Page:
“That's the way we've always done it.” In business, this simple but dismissive mindset — if it becomes ingrained throughout an organization — can keep a company mired in the past, resistant to change and unresponsive to its customers' and employees' evolving needs. It takes a smart, disciplined organization to take an honest look at itself and its practices in order to prevent this inertia-inducing mentality from taking hold and spreading.
FSI applauds Finra for doing exactly that on the subject of its dispute resolution, or arbitration and mediation, process.
Over the past several years, Finra has embarked on a broad-ranging effort to improve the hallmarks of efficiency and fairness in its dispute resolution program, from revising its rules on who is eligible to serve as a public arbitrator to expanding the number of potential arbitrators provided to parties during the panel selection process.
Throughout this effort, FSI has been proud to serve as a source of industry expertise and insight to Finra in order to strengthen the arbitration process and drive better outcomes for firms, advisers, investors and arbitrators alike.
Our Finra Arbitration Task Force, made up of thought leaders from across the FSI community, has been working since 2013 to identify potential areas of improvement within Finra's dispute resolution program and to provide practical suggestions on how the regulator might modify the program to be more equitable and responsive to the needs of both industry members and investors.
Each of Finra's key changes and proposals to strengthen the arbitration process below followed extensive dialogue with both industry and public stakeholders, including FSI staff, our task force, and the regulator's own dispute resolution task force, among others:
• Expansion in choice of arbitrators: Finra is moving to expand the number of arbitrators on the list of choices provided to parties during the panel selection process from 10 to 15, and to boost the number of public arbitrators that parties may strike from four to six.
This seemingly small procedural change could have a significant impact on the general experience level of panel participants, since it reduces the likelihood that less seasoned or less qualified arbitrators will survive the strike process. For this reason, FSI submitted a comment letter in favor of this proposal in early August.
• Arbitrator recruitment and compensation: FSI's task force has long viewed new arbitrator recruitment as a priority, and we have been pleased with Finra's efforts in this area over the last several years. In 2013, Finra recognized that compensation for arbitrators had not increased in several years and was no longer in line with compensation levels that would attract potential panelists, much less qualified and interested panelists. Finra increased arbitrator honoraria to $300 to $600 depending on the length of the hearing and implemented important provisions ensuring that panelists would be compensated for claims that ultimately settled as long as they spent time on the claim. These changes have been essential in enabling Finra to recruit additional talented and interested arbitrators to serve on panels.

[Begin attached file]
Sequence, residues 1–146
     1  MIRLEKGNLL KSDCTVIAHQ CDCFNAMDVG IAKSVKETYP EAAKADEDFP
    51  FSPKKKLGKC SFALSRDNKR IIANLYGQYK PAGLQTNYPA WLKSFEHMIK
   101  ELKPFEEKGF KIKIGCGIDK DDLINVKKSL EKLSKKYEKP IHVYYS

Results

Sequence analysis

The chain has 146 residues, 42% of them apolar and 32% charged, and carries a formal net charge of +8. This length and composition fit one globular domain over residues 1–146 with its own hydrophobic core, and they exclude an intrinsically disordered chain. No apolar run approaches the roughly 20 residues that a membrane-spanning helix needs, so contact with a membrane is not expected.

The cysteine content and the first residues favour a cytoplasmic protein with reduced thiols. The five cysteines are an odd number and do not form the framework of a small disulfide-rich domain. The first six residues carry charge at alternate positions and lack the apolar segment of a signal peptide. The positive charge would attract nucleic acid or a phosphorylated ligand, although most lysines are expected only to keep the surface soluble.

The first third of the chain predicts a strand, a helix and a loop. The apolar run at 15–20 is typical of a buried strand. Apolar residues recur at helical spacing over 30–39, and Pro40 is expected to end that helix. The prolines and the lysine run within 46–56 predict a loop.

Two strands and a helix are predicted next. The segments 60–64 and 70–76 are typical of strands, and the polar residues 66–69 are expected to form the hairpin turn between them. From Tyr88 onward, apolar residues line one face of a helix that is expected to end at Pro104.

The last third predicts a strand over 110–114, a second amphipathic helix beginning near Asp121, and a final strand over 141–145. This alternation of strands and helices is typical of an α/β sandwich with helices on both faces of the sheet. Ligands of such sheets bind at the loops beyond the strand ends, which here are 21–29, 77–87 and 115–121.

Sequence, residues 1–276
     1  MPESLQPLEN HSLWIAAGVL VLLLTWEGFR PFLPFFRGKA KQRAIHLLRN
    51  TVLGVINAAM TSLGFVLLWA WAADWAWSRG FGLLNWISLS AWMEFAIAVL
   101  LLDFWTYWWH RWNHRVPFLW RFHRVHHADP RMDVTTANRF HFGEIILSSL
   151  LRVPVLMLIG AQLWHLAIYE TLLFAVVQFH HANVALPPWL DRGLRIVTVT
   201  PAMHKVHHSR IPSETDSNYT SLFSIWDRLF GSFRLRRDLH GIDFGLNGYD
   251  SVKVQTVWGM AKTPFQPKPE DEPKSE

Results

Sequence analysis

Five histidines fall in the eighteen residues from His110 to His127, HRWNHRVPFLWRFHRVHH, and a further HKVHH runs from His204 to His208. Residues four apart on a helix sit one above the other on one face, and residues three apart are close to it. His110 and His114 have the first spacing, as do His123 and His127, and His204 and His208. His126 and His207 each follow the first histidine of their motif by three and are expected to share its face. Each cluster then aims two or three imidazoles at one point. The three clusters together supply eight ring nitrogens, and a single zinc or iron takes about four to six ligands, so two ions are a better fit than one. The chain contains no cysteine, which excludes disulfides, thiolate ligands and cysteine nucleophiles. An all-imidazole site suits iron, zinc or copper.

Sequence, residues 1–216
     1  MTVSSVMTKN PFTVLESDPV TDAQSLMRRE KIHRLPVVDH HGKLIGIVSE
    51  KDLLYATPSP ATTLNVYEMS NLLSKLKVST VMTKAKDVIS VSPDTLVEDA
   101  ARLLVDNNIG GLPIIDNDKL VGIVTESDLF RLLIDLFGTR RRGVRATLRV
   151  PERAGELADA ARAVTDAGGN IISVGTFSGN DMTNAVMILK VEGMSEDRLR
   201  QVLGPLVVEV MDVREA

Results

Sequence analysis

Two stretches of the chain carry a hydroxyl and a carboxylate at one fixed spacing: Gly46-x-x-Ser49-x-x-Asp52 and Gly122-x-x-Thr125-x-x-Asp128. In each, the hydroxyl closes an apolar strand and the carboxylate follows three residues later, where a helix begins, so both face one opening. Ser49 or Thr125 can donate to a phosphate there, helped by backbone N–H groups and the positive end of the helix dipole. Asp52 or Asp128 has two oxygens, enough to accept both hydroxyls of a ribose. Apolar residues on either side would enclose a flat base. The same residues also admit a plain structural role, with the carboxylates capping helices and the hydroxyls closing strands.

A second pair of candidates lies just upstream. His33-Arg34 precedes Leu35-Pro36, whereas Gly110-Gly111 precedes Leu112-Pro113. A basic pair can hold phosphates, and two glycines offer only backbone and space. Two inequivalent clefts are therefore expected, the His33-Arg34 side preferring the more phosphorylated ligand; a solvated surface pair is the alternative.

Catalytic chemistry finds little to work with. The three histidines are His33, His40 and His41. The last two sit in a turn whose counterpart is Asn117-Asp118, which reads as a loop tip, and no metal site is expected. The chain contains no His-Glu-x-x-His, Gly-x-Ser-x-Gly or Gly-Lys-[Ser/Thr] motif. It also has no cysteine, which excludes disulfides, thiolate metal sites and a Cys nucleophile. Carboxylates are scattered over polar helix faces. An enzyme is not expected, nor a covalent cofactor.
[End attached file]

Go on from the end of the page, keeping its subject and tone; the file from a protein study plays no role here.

• Arbitration party portal: On July 27, Finra published a request for comment on a new proposal that would require parties involved in arbitration to file and serve correspondence on discovery requests via Finra's online dispute resolution party portal. Several of our members took part in a trial program to test the portal and provided feedback prior to the proposal.
FSI strongly supports this proposal, as well. Our task force has long advocated for measures that would alleviate the frustration many parties in arbitration feel in communicating with each other. This measure would represent a significant step toward accomplishing that goal, and would lead to more efficient and equitable arbitration proceedings by streamlining interactions among parties, arbitrators, mediators and Finra staff.
• Elimination of plaintiffs' attorneys from list of eligible public arbitrators: As recently as early 2015, plaintiffs' attorneys who generated a substantial portion of their revenue from representing claimants in arbitration cases were still eligible to serve as 'public' arbitrators, while members of our industry were not. Since many claimants chose the 'all public' option when determining the composition of panels to hear their cases, industry participants were effectively frozen out of many arbitration panels, while plaintiffs' attorneys continued to act as arbitrators.
Fortunately, after extensive conversations with our arbitration task force, FSI staff and other industry members, Finra proposed a rule change to remove these plaintiffs' attorneys from the pool of 'public' arbitrators. The change was approved by the SEC and went into effect in February of last year, immediately restoring a more equitable balance to arbitration proceedings.
As we have consistently emphasized in our dialogue with Finra, we wholeheartedly support efforts to advance the dispute resolution process' foundational goal of preserving integrity and fairness in arbitration proceedings in order to ensure the stability of our industry's legal framework. We are pleased to see Finra putting forward a broad-ranging slate of common-sense improvements (both those that have been enacted and those still in the proposal stage) to its current arbitration system based on its productive dialogue with our arbitration task force and other members of our industry as well as public and non-industry stakeholders.
We look forward to continuing to work with Finra to ensure its dispute resolution process maintains the essential hallmarks of fairness and efficiency for all parties involved.
Dale Brown is president and chief executive of the Financial Services Institute Inc.